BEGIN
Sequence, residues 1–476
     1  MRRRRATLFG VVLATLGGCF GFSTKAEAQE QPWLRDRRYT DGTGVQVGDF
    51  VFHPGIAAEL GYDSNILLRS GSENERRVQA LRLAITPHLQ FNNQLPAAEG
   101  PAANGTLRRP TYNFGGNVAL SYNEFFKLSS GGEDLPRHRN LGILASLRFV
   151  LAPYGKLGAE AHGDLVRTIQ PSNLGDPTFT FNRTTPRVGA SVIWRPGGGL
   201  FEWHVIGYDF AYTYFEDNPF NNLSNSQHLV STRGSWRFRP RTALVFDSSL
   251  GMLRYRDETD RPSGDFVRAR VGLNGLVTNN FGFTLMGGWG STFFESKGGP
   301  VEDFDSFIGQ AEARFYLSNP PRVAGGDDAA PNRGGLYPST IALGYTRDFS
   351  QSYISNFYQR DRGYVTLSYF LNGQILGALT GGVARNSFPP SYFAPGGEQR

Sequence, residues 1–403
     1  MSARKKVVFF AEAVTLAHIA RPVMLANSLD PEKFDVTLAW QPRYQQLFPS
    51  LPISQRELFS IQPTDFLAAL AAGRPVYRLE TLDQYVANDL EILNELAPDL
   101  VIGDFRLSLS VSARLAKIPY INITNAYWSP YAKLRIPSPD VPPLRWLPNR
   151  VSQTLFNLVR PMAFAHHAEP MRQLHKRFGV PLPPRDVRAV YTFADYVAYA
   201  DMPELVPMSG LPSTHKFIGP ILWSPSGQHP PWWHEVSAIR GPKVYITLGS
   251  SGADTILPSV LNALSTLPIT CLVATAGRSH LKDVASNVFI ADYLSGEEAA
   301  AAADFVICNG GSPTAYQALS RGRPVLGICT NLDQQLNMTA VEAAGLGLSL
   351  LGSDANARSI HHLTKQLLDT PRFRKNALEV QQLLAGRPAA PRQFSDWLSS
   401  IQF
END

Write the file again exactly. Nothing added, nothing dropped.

Sequence, residues 1–476
     1  MRRRRATLFG VVLATLGGCF GFSTKAEAQE QPWLRDRRYT DGTGVQVGDF
    51  VFHPGIAAEL GYDSNILLRS GSENERRVQA LRLAITPHLQ FNNQLPAAEG
   101  PAANGTLRRP TYNFGGNVAL SYNEFFKLSS GGEDLPRHRN LGILASLRFV
   151  LAPYGKLGAE AHGDLVRTIQ PSNLGDPTFT FNRTTPRVGA SVIWRPGGGL
   201  FEWHVIGYDF AYTYFEDNPF NNLSNSQHLV STRGSWRFRP RTALVFDSSL
   251  GMLRYRDETD RPSGDFVRAR VGLNGLVTNN FGFTLMGGWG STFFESKGGP
   301  VEDFDSFIGQ AEARFYLSNP PRVAGGDDAA PNRGGLYPST IALGYTRDFS
   351  QSYISNFYQR DRGYVTLSYF LNGQILGALT GGVARNSFPP SYFAPGGEQR

Sequence, residues 1–403
     1  MSARKKVVFF AEAVTLAHIA RPVMLANSLD PEKFDVTLAW QPRYQQLFPS
    51  LPISQRELFS IQPTDFLAAL AAGRPVYRLE TLDQYVANDL EILNELAPDL
   101  VIGDFRLSLS VSARLAKIPY INITNAYWSP YAKLRIPSPD VPPLRWLPNR
   151  VSQTLFNLVR PMAFAHHAEP MRQLHKRFGV PLPPRDVRAV YTFADYVAYA
   201  DMPELVPMSG LPSTHKFIGP ILWSPSGQHP PWWHEVSAIR GPKVYITLGS
   251  SGADTILPSV LNALSTLPIT CLVATAGRSH LKDVASNVFI ADYLSGEEAA
   301  AAADFVICNG GSPTAYQALS RGRPVLGICT NLDQQLNMTA VEAAGLGLSL
   351  LGSDANARSI HHLTKQLLDT PRFRKNALEV QQLLAGRPAA PRQFSDWLSS
   401  IQF